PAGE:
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Robots are everywhere in the media again. In February 2017 The New York Times Magazine published an article titled, “Learning to Love Our Robot Co-workers” (Tingley 2017). An article in The Washington Post in March 2017 warned, “We’re So Unprepared for the Robot Apocalypse” (Guo 2017). And, in The Atlantic Derek Thompson (2015, 2016) paved the way in the summer of 2015 with “A World without Work,” followed in October 2016 with an article asking, “When Will Robots Take All the Jobs?”
The automation narrative told by these articles and other coverage is a story in which the inevitable march of technology is destroying jobs and suppressing wages and essentially making large swaths of workers obsolete.
What is remarkable about the automation narrative is that any research on robots or technology feeds fear, even if the bottom-line findings of the research do not validate any part of it.
There are some good new research papers and essays that seek to dismantle the claim of a world without work. One such paper is highlighted below.
In a June 2017 paper, titled: “Does Productivity Growth Threaten Employment?” together with a talk at the European Central Bank (ECB) – “Robocalypse Now?”, co-researchers, David Autor and Anna Salomons, set out 200 years of fears of mass unemployment driven by automation.
Autor and Salomon sought to test for evidence of employment-reducing technological progress. Harnessing data from 19 countries over 37 years, they characterize how productivity growth — an omnibus measure of technological progress — affects employment across industries and countries and, specifically, whether rising productivity ultimately diminishes employment, numerically or as a share of working-age population. They focus on overall productivity growth rather than specific technological innovations because (a) heterogeneity in innovations defies consistent classification and comprehensive measurement, and (b), because productivity growth arguably provides an inclusive measure of technological progress: The findings:
In brief, over the 35+ years of data that we study, we find that productivity growth has been employment-augmenting rather than employment-reducing; that is, it has not threatened employment.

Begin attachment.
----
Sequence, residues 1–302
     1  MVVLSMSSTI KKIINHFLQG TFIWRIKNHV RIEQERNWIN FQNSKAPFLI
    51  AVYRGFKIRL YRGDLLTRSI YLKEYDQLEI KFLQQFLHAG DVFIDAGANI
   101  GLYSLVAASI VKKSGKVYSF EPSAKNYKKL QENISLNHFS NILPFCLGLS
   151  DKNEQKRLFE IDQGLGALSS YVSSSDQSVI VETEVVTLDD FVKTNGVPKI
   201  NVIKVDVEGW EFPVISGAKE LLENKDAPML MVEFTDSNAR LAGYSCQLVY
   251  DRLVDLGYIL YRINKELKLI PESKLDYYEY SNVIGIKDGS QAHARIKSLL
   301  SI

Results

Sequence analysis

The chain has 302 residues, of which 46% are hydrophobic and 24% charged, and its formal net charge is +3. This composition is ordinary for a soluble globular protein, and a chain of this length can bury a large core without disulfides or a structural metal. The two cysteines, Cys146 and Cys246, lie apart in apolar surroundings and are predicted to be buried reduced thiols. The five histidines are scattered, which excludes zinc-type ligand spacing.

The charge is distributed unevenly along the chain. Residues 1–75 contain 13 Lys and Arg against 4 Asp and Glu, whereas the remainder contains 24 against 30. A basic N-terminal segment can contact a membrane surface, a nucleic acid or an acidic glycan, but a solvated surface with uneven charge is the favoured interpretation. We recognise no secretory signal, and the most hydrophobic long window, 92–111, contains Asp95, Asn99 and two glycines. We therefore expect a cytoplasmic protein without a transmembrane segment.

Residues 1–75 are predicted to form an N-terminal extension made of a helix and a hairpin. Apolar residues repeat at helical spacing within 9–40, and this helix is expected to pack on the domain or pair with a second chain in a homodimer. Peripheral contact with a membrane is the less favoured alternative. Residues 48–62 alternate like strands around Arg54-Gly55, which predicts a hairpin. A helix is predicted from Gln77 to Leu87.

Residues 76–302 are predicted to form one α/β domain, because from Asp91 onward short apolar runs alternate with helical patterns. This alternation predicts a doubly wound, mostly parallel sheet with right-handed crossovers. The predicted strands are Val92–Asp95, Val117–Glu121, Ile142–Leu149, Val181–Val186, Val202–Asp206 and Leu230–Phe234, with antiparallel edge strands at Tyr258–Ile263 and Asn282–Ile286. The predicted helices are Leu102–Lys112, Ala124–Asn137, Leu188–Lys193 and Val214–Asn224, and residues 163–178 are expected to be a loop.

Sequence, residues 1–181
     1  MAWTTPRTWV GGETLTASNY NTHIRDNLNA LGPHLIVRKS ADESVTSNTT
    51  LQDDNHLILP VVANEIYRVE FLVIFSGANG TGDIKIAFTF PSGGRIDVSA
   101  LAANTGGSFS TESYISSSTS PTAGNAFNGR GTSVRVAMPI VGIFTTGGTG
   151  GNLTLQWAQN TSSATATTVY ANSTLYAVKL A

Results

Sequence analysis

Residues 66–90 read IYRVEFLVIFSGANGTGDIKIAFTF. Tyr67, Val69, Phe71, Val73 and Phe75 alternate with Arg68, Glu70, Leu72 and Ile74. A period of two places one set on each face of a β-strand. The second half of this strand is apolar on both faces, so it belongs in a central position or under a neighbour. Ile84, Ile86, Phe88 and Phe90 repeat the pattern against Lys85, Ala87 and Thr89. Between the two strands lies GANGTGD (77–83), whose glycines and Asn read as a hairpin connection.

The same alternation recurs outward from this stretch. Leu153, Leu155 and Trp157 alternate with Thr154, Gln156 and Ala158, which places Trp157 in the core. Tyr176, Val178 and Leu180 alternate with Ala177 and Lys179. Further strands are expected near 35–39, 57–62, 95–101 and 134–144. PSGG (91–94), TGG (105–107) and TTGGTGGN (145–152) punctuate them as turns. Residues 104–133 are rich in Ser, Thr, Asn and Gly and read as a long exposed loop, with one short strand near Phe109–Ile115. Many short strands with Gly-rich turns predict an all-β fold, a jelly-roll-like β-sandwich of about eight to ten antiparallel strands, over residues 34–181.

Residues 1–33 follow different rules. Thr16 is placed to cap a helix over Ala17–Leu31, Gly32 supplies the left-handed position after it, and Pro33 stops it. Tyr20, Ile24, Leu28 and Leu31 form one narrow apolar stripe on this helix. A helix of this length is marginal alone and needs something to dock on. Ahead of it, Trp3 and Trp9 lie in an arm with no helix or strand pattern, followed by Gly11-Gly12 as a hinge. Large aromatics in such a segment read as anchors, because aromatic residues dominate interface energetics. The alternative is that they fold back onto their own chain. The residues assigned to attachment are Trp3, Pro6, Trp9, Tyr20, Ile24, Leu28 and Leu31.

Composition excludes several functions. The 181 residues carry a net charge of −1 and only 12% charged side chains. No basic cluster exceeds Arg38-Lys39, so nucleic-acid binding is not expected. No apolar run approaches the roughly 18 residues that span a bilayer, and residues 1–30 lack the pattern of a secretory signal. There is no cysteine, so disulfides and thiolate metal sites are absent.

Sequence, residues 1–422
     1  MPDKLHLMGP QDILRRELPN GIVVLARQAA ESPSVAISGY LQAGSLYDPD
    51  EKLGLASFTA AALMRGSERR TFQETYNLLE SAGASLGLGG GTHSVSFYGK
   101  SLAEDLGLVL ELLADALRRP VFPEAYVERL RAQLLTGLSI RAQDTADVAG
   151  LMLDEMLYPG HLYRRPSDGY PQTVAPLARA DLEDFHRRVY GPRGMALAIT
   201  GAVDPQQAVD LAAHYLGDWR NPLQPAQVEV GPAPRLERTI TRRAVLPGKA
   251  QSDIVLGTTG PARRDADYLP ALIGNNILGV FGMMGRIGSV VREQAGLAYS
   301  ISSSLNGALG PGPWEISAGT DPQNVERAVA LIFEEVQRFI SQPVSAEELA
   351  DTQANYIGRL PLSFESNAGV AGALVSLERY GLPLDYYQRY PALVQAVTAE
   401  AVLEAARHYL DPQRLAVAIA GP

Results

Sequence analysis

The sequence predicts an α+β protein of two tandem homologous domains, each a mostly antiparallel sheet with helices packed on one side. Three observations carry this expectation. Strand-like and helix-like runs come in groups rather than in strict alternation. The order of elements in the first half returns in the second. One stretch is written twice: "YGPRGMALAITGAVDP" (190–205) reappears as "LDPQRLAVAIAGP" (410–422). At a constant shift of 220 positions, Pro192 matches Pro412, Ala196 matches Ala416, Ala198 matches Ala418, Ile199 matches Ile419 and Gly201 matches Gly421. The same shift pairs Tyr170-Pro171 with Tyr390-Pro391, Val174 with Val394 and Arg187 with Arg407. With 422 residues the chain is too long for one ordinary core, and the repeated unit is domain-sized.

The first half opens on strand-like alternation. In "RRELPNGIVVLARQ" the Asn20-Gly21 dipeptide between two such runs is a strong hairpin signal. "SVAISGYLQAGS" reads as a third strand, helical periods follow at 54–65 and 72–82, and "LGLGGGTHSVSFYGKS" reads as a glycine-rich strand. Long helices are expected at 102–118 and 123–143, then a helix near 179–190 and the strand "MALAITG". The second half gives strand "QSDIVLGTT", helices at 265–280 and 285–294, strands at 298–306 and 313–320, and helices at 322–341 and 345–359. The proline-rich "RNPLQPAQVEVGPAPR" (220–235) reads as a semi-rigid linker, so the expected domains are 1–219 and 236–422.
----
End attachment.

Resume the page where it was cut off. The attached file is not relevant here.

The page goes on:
Another way to consider the robots taking all the jobs, at least in the short term, is summed up by the outgoing Chief Executive of General Electric, Jeff Immelt who did not mince words regarding his feelings about the impending automation take over. Speaking at the Viva Teach conference in Paris, Immelt said:
I think this notion that we are all going to be in a room full of robots in five years … and that everything is going to be automated, it’s just BS. It’s not the way the world is going to work.
In Late December 2016 Rethink Robotics, supplier of Co-Bots secured an additional US$ 18 million investment. The new round, despite being somewhat short of the US$ 33 million sought as indicated by their SEC filing, included funding from the Swiss headquartered private equity investment firm, Adveq, as well as contributions from all previous investors, including Bezos Expeditions, CRV, Highland Capital Partners, Sigma Partners, DFJ, Two Sigma Ventures, GE Ventures and Goldman Sachs.
I think that Rethink’s Baxter and Sawyer robots are setting a new standard in advanced robotics for businesses of all sizes – the only downside is that Rethink sub contract the manufacturing of their robots which gives them less control of delivery scheduling and has possibly considerably hindered their over all growth, cash flow outlays and profitably. This could reflect, in a very hot growth market, the less than enthusiastic take up by new investors and indeed appetite for considerably increasing investment from existing investors. However in the coming months I would expect Rethink would secure the additional US$ 15 million they seek, maybe via Asian manufacturing partners, a region that is becoming increasingly important for Rethink as they endeavor to capture a larger share of the co-bot market.
In addition to Rethink’s new investment – a very interesting, relative, new comer to the industrial robotic manufacturing scene, the Advanced Robotics Manufacturing (ARM) Institute, a U.S. national, public-private partnership, has announced funding of US$ 250 million.
The U.S. Department of Defense awarded the public-private Manufacturing USA institute to American Robotics, a nonprofit venture led by Carnegie Mellon, with more than 230 partners in industry, academia, government and the nonprofit sector across the U.S. The institute will receive $80 million from the DOD, and an additional $173 million from the partner organizations.
Based in Pittsburgh, ARM is led by a newly established national nonprofit called American Robotics, which was founded by Carnegie Mellon University and includes a national network of 231 stakeholders from industry, academia, local governments and nonprofits.